The article itself (linked above, written by Lidar Sapir-Hen and Erez Ben-Yosef), is a scholarly article that doesn’t claim to expose the heretofore unknown issue of camel domestication in the Patriarchal period, which is an almost universally understood anachronism in Genesis. The authors claim, rather, to have found further evidence for supporting this claim.

Of course, the authors’ argument can be contested, and archaeologists do that–a lot. But responses to the article should not treat this one scholarly study in isolation from what archaeologists have studied and concluded for quite some time: the presence of camels in Israel in the 2nd millennium BC is a problem, and this joins other anachronisms (like the presence of Philistines in Genesis) to suggest strongly that whatever history there is in the Patriarchal stories must also account for the clear 1st millennium BC coloring of those stories.

This point is not in the least controversial and to suggest that it is–either by those reporting the findings or those wishing to contest the findings–is bad form, and misleading.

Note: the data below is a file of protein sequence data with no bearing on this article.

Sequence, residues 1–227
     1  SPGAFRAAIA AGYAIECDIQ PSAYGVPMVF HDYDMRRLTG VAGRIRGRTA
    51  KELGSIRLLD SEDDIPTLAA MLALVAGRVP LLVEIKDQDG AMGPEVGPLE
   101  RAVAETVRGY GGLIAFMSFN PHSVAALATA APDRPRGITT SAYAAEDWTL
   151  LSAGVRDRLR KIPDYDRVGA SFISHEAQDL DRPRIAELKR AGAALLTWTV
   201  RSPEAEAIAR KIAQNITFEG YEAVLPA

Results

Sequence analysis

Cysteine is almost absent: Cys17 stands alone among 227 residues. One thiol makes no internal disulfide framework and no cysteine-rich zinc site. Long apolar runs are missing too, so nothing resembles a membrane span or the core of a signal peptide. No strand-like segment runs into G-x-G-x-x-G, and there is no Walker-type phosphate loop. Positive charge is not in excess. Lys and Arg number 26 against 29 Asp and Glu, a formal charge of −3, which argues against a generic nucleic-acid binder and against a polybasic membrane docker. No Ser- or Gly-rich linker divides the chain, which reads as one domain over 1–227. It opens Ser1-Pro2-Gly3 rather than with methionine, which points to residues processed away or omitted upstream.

In this respect, the CT response is a bit disappointing to me, for a couple of reasons.

First, its readers will not gather from it just how well ensconced in the academic study of the Bible (including by evangelicals) the notion of anachronisms in Genesis is. It suggests that all this camel business is just the latest attempt on the part of a sensationalistic media to discredit the Bible. That is false.

Second, the article also suggests, not too subtly, that the archaeologists who did this field work aren’t very good at their job. One problem, we are told, is that they limited themselves to one small geographic area and didn’t consider the full range of evidence of camel domestication elsewhere.